4. Oregon

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In 2017, Oregon declared Oct. 9 as Indigenous Peoples' Day as an alternative to Columbus Day.

5. Nevada

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Nevada hasn't gotten rid of Columbus Day, but it has officially designated Aug. 9 as Indigenous Peoples' Day since 2017.

6. Maine

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In late April, Maine became yet another state in America to replace Columbus Day with Indigenous Peoples' Day. The state's governor, Janet Mills, signed the bill calling for the replacement into law at the Maine State House, according to CNN. In a statement, the Democratic governor said, "There is power in a name and in who we choose to honor. Today, we take another step in healing the divisions of the past, in fostering inclusiveness, in telling a fuller, deeper history, and in bringing the State and Maine's tribal communities together to build a future shaped by mutual trust and respect."

7. New Mexico

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As mentioned before, New Mexico became another state in the country in early April to drop Columbus Day for Indigenous Peoples' Day. The state's Democratic governor, Michelle Lujan Grisham, said Indigenous Peoples' Day would be "a celebration of New Mexico's 23 sovereign indigenous nations and the essential place of honor native citizens hold in the fabric of our great state," according to CNN.

8. Indigenous Peoples' Day At City Level

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A growing number of cities in the United States now celebrate Indigenous Peoples' Day. According to Time, the cities that do so are:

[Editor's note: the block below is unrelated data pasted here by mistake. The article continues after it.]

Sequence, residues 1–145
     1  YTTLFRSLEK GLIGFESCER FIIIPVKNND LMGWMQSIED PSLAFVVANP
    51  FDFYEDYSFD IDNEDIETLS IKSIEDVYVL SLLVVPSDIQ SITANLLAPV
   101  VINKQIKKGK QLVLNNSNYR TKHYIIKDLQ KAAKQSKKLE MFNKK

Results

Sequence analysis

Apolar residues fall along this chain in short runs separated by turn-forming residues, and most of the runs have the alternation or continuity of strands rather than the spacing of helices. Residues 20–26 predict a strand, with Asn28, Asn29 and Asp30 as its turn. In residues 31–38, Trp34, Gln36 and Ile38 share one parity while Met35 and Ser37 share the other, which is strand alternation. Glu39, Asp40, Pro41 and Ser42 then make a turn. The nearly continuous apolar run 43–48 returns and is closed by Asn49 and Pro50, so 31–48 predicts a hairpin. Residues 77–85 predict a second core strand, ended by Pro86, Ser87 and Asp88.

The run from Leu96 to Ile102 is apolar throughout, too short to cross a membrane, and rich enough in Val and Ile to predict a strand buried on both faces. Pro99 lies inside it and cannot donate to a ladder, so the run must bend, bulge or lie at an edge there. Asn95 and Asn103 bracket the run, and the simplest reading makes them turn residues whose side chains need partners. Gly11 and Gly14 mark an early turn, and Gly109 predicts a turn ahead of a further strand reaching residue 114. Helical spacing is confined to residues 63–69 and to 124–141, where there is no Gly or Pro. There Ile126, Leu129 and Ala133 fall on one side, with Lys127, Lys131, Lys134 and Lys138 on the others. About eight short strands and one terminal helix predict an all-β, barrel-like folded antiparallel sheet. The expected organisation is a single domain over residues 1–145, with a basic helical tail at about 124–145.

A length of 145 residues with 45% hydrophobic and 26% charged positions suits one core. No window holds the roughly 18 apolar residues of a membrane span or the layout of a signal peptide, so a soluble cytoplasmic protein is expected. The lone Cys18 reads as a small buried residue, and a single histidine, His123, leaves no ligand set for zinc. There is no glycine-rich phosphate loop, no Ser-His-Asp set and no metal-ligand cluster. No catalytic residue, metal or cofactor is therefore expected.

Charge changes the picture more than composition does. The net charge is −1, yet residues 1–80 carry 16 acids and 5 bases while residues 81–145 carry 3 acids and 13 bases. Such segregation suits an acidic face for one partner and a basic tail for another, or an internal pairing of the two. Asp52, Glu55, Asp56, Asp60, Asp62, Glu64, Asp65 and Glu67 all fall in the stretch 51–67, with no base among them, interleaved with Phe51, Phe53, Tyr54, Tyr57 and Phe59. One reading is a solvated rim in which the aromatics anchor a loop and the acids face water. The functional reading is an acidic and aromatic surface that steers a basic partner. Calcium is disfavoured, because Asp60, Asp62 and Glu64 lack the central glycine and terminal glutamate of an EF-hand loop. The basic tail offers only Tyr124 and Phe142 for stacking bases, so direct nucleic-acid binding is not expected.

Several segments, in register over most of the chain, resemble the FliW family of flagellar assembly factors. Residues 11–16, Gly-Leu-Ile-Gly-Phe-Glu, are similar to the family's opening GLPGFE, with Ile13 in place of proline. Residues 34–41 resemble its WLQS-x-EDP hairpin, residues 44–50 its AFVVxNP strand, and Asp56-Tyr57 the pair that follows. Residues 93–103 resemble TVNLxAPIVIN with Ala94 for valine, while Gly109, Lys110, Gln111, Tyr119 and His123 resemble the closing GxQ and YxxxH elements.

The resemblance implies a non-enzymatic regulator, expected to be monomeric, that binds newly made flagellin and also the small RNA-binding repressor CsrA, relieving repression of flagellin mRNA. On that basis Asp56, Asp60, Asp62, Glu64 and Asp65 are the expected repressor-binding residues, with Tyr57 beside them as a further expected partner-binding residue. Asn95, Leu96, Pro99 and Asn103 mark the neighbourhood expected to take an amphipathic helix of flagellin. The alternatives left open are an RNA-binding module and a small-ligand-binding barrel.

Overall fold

• Los Angeles, CA
  • Berkeley, CA
  • Santa Cruz, CA
  • Seattle, WA
  • Minneapolis, MN
  • Denver, CO
  • Ann Arbor, MI
  • Eugene, OR
  • Ithaca, NY
  • Tulsa, OK
  • Cambridge, MA
  • Durham, NH
  • Salt Lake City, UT
  • Nashville, TN
  • Madison, WI
  • San Fernando, CA
  • Burbank, CA
  • Long Beach, CA
  • San Luis Obispo, CA
  • Watsonville, CA
  • Olympia, WA
  • Spokane, WA
  • Bainbridge Island, WA
  • Grand Rapids, MN
  • St. Paul, MN
  • Durango, CO
  • Boulder, CO
  • Phoenix, AZ
  • Traverse City, MI
  • Alpena, MI
  • East Lansing, MI
  • Ypsilanti, MI
  • Albuquerque, NM
  • Santa Fe, NM
  • Portland, OR
  • Newstead, NY
  • Anadarko, OK
  • Norman, OK
  • Tahlequah, OK
  • Carrboro, NC
  • Asheville, NC
  • Belfast, ME
  • Bangor, ME
  • Orono, ME
  • Amherst, MA
  • Northampton, MA
  • Harpers Ferry, WV
  • Lawrence, KS
  • Davenport, IA
  • Moscow, ID
  • Oberlin, OH
  • Bexar County, TX
  • Austin, TX

Indigenous Peoples' Day is celebrated in various forms across the country, according to Indian Country Today, and sometimes on different dates.

Though support for replacing Columbus Day with Indigenous Peoples' Day isn't yet at the same level on Capitol Hill, some lawmakers like California Sen. Kamala Harris and New York Rep. Alexandria Ocasio-Cortez have backed the idea. And who knows — in a few more years, more of their colleagues may join the call for a federal Indigenous Peoples' Day as well.